Decades before Anderson Cooper became a CNN fixture, openly gay men had to be creative about getting time behind the anchor desk. Sometimes it meant breaking the law. Footage of activist Mark Segal storming the set of “The CBS Evening News With Walter Cronkite” on Dec. 11, 1973 — and the surprising aftermath of his live protest — is just one of the many freeze-frame moments in Apple TV’s “Visible: Out on Television,” a new docuseries that chronicles milestones in gay rights on the small screen.

There are plenty of opportunities in the five-hour project to celebrate just how far we’ve come. But viewers will also have to do a lot of wincing.

Among the most heartbreaking moments: Sheila James talking about how her breakout character, Zelda, on “The Many Loves of Dobie Gillis” was denied her own spinoff because she was too butch; “American Idol” standout Adam Lambert recalling the backlash he received after planting a kiss on his keyboardist during a performance on “The American Music Awards”; and a disturbing look back at the career of Paul Lynde, the closeted comic whose private torture was anything but funny.

Clips from a 1974 episode of “Police Woman,” in which Pepper hunts down killer lesbians at a nursing home, and a tone-deaf 1967 Mike Wallace documentary, “The Homosexuals,” are excruciating to watch.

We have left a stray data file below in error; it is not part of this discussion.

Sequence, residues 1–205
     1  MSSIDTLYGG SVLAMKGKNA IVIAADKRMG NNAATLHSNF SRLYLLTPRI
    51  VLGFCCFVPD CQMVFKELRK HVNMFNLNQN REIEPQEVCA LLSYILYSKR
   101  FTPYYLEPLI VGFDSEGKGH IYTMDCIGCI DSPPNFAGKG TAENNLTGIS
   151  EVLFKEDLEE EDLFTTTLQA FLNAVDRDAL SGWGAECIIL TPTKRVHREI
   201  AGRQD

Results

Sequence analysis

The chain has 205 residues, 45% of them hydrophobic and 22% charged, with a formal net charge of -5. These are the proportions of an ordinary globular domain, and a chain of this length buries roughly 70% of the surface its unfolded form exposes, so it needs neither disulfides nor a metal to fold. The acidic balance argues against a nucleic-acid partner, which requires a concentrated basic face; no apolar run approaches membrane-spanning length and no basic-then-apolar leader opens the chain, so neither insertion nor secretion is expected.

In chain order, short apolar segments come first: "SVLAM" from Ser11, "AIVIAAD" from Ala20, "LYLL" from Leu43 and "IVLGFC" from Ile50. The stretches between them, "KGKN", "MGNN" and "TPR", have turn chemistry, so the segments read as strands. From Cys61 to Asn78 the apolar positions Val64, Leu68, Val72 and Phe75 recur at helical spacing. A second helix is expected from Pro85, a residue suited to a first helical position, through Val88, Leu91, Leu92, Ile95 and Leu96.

Household names share the impact programs like those had on them when they were growing up.

Ryan White, who directed all five parts, said “Project Runway” judge Tim Gunn was grateful for the opportunity to participate.

“He left our interview saying, ‘That was like a therapy session,’ ” White said last month during the Television Critics Association press tour. “He had never talked about what his background was like and how negatively television impacted him and his family in the ’50s and ’60s.”

“Visible” eventually gets around to honoring progress, from Ryan Phillippe’s portrayal of TV’s first openly gay teenager on “One Live to Live” to Ellen DeGeneres conquering America through her daytime talk show.

There are also lighthearted moments, like when Jane Alexander shares how she and Gena Rowlands maneuvered around censors’ silly rules while playing a gay couple in the 1978 TV movie “A Question of Love.”

“It’s a love letter to all the people — straight, allies, LGBTQ people — who took it upon themselves to take the risks to tell the story of the LGBTQ community,” said executive producer Wilson Cruz. “They did that so people would actually understand who we are, as opposed to the false narratives that are given by people who don’t necessarily understand who we are. And because of that honesty and authenticity, we were able to move the needle to acceptance.”

Cruz should know. His roles as openly gay men in “My So-Called Life” and “Star Trek: Discovery” have influenced an entire generation for the better.

“Oprah [Winfrey] talks at one point in her interview about how debilitating it is to someone when they’re not a part of the storytelling on our televisions. You just feel like your life doesn’t matter until your stories are being told,” Cruz said. “I got to see firsthand the power of television and how it has helped people see themselves a bit and find comfort in being visible.”

 

Njustin@startribune.com Twitter: @nealjustin